But it was true:
- Lifting tackle inspection
- Telehandler refresher course
- Broken fishplate repair at Didbrook
- Sleeper loading at Skew Bridge, Gotherington
- Ballast sweeping at Peasebrook
Busy, busy, busy. We shall have to spead ourselves thin.
In order to close the gap at Broadway, we need one final trainload of concrete sleepers. As it happens, we have just that at Skew Bridge. Three of us ventured down to Gotherington to load them on to the two bogie flats, which had been parked there waiting for us.
Jules jumped up on to the wagon to be banksman, while Peter continued to hone his growing skills as a Telehandler driver.
Here the first load of 8 goes on.
This team worked through to lunch time, and ended with 194 loaded in all. Then we handed over to the Telehandler refresher course team, who had their theoretical course in the morning, and needed something to practice with in the afternoon. We left them a few more piles to play with.
The three of us then car shared back to Toddington, where a steaming hot meal waited for us. All 20 or so volunteers came back from their individual activities, to find maitre d' Paul in a steamy kitchen with today's delicious offering. What would it be?
Paul really pulled his finger out today, as we were priveledged to be in the presence of our new volunteer liaison officer Ian Stewart, who came to see what it was all about. We tried to impress. It was haddock filets, with buttered potatoes, peas, bread and butter, tea, and iced mince pies. A cheeky voice demanded tartare sauce and received a swift and stern rebuff, what do you expect for just £2.50.
After lunch it was back to the Skew Bridge sleeper depot. There are hardly any sleepers left now. Do you remember the huge piles that were here? Now you can park you car there. There were once 7000 sleepers here, and we have loaded and laid them all.
Here is the train, now three quarters full. Half a wagon is still available for loading, we left that to the refresher course team.
|How does this work then?|
Peasebrook farm and the track sweepers next then.
The regulator does a fantastic job, but it does leave a line of ballast inside the web of the rail, and in and around the Pandrol clips. When we lift the rail on to the rollers for stressing, the risk is that somewhere some of this ballast will fall under the rail, and then we can't clip it up any more. So better to sweep it clean first. Many sacks of extra Pandrol clips have been laid out, but equally many more are still required too.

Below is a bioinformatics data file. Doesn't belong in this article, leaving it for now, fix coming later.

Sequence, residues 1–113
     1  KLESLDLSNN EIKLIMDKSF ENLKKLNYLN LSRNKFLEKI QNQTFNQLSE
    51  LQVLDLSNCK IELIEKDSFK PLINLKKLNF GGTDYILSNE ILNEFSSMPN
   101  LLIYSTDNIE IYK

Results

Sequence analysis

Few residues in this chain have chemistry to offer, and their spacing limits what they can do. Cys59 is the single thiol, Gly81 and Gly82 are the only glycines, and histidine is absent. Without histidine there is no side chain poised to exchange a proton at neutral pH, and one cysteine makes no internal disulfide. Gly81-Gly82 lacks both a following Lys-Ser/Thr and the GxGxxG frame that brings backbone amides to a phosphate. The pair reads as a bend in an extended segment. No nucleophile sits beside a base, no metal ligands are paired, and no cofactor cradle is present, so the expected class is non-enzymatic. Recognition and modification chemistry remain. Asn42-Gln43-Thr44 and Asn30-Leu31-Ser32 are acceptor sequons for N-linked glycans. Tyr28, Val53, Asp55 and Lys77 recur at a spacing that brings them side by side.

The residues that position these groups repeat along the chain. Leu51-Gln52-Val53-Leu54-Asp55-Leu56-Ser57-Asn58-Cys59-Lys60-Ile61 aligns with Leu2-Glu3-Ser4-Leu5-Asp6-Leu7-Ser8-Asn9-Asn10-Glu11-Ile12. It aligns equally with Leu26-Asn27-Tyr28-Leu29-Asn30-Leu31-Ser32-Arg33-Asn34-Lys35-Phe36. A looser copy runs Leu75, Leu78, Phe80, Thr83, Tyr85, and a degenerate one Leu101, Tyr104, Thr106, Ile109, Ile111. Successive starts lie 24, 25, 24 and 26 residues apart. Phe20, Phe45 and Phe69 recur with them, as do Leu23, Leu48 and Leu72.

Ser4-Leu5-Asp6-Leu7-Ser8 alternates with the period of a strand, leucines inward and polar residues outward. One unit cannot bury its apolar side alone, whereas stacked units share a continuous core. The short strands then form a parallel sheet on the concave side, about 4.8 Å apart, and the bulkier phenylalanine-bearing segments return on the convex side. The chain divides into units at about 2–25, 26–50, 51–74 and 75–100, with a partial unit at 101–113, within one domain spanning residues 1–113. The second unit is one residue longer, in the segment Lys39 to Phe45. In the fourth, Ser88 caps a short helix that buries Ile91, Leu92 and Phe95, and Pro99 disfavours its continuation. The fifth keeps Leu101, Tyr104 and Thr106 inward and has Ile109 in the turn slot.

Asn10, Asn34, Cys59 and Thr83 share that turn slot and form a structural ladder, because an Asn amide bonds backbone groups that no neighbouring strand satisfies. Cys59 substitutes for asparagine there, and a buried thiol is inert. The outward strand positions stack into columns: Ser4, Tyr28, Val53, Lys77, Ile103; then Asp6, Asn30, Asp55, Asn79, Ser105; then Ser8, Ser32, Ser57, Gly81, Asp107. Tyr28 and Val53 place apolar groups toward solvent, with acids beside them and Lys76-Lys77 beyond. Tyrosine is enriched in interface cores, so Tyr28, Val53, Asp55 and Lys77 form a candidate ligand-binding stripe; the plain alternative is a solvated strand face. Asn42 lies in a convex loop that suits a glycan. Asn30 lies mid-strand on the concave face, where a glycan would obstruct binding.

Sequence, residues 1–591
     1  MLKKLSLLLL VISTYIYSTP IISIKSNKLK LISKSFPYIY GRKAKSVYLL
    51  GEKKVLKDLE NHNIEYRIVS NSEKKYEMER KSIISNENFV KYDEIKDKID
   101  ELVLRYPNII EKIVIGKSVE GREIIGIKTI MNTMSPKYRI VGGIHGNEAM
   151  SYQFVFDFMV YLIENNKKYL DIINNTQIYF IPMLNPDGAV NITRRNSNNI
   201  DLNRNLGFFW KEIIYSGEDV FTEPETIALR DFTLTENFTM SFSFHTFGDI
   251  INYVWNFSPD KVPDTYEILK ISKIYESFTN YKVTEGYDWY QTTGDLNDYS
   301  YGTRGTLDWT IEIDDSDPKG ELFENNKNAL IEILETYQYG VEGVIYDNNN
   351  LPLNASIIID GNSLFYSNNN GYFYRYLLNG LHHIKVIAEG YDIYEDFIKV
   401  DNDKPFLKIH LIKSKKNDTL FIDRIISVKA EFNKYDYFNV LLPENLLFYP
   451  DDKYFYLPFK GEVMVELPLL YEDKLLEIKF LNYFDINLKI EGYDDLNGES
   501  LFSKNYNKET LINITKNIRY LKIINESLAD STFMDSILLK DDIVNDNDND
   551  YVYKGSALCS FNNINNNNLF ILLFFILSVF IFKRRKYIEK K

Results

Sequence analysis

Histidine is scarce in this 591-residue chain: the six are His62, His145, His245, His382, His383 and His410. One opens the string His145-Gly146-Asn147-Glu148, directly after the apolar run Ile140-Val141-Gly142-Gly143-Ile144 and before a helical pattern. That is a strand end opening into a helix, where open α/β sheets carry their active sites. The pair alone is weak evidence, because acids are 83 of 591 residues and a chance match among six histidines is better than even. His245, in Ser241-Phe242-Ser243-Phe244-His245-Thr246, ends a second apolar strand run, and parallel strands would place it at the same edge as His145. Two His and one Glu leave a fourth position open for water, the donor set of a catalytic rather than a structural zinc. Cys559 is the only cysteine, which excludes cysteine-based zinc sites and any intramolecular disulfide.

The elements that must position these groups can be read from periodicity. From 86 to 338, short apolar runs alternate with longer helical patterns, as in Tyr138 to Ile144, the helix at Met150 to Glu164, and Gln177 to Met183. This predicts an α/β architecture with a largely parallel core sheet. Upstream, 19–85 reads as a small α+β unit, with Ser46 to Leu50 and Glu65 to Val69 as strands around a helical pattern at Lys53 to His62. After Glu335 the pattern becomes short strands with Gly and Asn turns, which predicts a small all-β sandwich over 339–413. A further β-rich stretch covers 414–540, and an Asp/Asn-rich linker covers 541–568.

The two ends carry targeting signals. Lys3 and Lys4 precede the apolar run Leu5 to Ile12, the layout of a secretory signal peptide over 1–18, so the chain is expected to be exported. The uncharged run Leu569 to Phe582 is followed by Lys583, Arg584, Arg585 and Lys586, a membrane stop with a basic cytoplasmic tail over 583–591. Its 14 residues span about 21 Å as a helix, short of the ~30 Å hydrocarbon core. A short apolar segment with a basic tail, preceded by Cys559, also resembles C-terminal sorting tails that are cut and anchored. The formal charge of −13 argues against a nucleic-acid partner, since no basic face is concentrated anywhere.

The section in the photograph has already been swept, and the little gang of broom handlers can be seen in a knot in the distance. The distance to do seems endless, but they plod on in a steady wind and a temperature only just above zero. Never mind, the job keeps you warm.
This shot illustrates what's going on. Nearest to the camera is a bit of rail that has been partly cleaned of the worst of it (a final sweeper will follow) while at the top is the ballast around the web before we have done anything to it yet.
This broom here comes from the blogger's own mother in law - she's a test pilot at the broom factory.
With only one panel left to do (out of 50) there was a sudden consensus to call it a day. It was getting dark, and the constant repetitive action does get to your back in the end.
The last panel shouldn't take long. The concrete sleeper wagons now have to pass over this stretch, then it can be unclipped and lifted on to rollers for stressing.
The stressing itself is due in a fortnight, followed by a mammoth 'Clippathon' the very next day (a Wednesday) in which we need as many volunteers as possible to clip a kilometre of track up again, all at once. Many hands make light work, so do consider joining in to help.
We hope to get all the rails to Broadway laid by the end of the year. Ballasting, tamping, sweeping etc requires fewer people, so that the main gang can then turn to to this year's closed season task, a job in Toddington yard involving two turnouts, which will give the loco yard better access. That will take place in January and February.
Over the last 5 years we have assembled all sorts of heritage kit for Broadway station. It's not something you can just go out and buy, because when you want it, it is not there. Patience is required, and a lot of luck.
In this way we have collected amongst other things two original crowd barrier posts for the booking office, and with the help of a friendly neighbouring railway, we had two more cast. When they are in position, they should look like this:
In a great act of cooperation, our Winchcombe carriage and wagon department has very kindly offered to make the wooden tops for these crowd barriers. This is great news. To help them see how the tops fit on to the posts, we took one of them to Winchcombe today, so that work can start without delay, ready for the opening. With a bit of luck, there will be crowds at Broadway for them to manage too.
The 'IN' and 'OUT' plates have also been found and copied, as well as the small 'TICKETS' plate for under the ticket hatch. The original for this was found in the estate of a supporter at Willersey (for which once again our thanks) and you can imagine where it might have come from. Which station with a booking office was the nearest?